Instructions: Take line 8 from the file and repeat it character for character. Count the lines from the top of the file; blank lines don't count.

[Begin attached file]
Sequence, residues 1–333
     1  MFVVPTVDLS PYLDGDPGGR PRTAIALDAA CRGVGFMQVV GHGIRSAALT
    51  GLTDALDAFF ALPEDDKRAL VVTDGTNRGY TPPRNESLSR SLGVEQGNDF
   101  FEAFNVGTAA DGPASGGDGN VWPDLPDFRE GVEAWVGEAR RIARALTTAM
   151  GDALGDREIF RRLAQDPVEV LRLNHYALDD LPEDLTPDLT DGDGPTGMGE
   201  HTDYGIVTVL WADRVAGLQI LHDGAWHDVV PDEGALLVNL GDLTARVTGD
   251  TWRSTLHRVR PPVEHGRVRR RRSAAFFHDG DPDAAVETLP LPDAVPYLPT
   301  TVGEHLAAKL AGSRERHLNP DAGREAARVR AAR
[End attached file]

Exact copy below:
   301  TVGEHLAAKL AGSRERHLNP DAGREAARVR AAR